After the first date in Houston, Jim and Allyson began careers tracks that eventually brought them together in Washington, D.C. Both became clerks for U.S. Supreme Court justices, Allyson with Sandra Day O’Connor in 2002, and Jim with Clarence Thomas in 2005.

“That was when our relationship started to become more serious,” Allyson says. And while love blossomed between the couple in the nation’s capital, D.C. loved them back. After they completed their clerkships, Jim and Allyson added an impressive list of government and firm jobs to their résumés that most young lawyers would kill for. For example, Jim worked as chief counsel to U.S. Sen. John Cornyn, R-Texas, and Allyson worked as special assistant to the president for domestic policy during the George W. Bush administration. “A theme of our relationship is we’ve been engaged in common endeavors,” Allyson says.

Jim proposed to Allyson at The Inn at Little Washington in 2002, a Northern Virginia restaurant that’s so popular for proposals, there were 14 of them the previous Valentine’s Day. They married in 2004.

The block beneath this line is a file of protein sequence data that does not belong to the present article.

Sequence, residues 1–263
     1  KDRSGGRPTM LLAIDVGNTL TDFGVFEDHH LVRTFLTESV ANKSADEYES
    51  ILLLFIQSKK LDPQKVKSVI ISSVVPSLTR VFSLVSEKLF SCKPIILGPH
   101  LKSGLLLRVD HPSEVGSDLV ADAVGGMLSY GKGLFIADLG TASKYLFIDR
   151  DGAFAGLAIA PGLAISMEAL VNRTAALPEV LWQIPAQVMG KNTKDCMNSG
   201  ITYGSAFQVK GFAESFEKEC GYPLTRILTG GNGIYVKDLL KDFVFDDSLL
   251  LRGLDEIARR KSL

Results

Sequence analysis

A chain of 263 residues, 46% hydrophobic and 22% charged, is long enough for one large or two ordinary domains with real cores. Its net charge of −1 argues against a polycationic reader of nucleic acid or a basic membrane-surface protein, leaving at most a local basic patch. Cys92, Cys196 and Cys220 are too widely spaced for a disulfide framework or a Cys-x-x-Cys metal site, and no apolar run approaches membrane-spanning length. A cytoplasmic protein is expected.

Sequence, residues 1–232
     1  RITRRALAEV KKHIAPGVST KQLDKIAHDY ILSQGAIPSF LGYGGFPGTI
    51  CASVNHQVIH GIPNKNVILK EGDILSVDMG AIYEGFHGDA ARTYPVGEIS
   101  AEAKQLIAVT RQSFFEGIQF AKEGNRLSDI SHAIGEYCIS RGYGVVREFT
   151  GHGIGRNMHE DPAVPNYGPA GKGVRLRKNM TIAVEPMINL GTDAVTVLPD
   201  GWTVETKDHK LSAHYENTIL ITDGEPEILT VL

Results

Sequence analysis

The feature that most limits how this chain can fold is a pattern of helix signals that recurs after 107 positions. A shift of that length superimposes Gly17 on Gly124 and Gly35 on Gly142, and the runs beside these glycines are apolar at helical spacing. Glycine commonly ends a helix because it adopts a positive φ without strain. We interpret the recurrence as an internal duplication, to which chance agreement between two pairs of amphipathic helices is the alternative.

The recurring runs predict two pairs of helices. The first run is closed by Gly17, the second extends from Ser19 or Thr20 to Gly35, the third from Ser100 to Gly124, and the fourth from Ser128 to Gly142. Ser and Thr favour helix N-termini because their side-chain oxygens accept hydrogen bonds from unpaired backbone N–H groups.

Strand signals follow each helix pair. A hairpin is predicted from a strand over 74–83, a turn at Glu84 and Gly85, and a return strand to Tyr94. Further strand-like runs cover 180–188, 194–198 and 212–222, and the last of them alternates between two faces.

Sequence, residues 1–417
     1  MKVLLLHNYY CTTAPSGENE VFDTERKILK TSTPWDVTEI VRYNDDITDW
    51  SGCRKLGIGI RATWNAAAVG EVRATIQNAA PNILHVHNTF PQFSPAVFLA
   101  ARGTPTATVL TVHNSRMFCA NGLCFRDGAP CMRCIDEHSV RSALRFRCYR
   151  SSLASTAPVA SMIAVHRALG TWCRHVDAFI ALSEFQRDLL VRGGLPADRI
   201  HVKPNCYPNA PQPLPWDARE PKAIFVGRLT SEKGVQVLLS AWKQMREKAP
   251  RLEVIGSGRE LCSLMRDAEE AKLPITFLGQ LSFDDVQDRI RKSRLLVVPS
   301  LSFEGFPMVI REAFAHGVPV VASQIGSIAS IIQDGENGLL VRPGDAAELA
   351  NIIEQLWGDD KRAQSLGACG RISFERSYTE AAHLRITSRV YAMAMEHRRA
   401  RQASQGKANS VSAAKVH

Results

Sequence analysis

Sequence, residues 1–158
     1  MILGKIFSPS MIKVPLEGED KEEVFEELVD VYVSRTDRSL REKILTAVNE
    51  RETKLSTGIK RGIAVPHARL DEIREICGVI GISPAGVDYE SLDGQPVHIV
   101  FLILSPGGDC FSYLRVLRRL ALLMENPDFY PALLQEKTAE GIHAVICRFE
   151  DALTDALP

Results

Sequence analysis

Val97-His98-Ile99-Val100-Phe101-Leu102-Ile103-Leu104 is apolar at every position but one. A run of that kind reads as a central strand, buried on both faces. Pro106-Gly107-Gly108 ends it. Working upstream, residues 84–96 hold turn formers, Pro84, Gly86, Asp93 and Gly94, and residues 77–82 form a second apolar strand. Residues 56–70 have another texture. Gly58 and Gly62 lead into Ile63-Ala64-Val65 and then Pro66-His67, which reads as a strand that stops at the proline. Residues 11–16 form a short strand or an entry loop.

“She said ‘yes’ immediately. I won my case,” Jim says.

Jim and Allyson made their way back to Texas in 2006, settling in Dallas where they bought a house and both worked at large firms. Two years later, Jim replaced Ted Cruz as Texas solicitor general, while Cruz, now a partner in Morgan Lewis & Bockius, recruited Allyson to join his firm as a partner in Houston.

“We’ve joked with Ted that he’s responsible for 100 percent of our household income,” Jim says.

The couple now has a commuter marriage, living in Dallas on the weekends while Jim is in Austin during the workweek and Allyson is in Houston.

“It’s certainly challenging,” Allyson says. “We much prefer, obviously, being in the same city, but I’m so proud of Jim of having the opportunity that he does to represent the state of Texas in appellate courts.”

Russ and Emily Falconer

Married Five Years

Russ and Emily Falconer’s relationship has withstood challenges that would dismantle lesser couples. For example, consider how they met in 1995.

The Wedding Day: Emily and Russ Falconer

“We were on the high school debate team, the birthplace of any great romance,” Russ says.

Lucky for him, Russ says, Emily Baker was assigned by a teacher at Highland Park High School as Russ’ debate partner instead of as an opponent.

“I have the good sense to know that it would never be a good idea to compete with someone like Emily,” Russ says.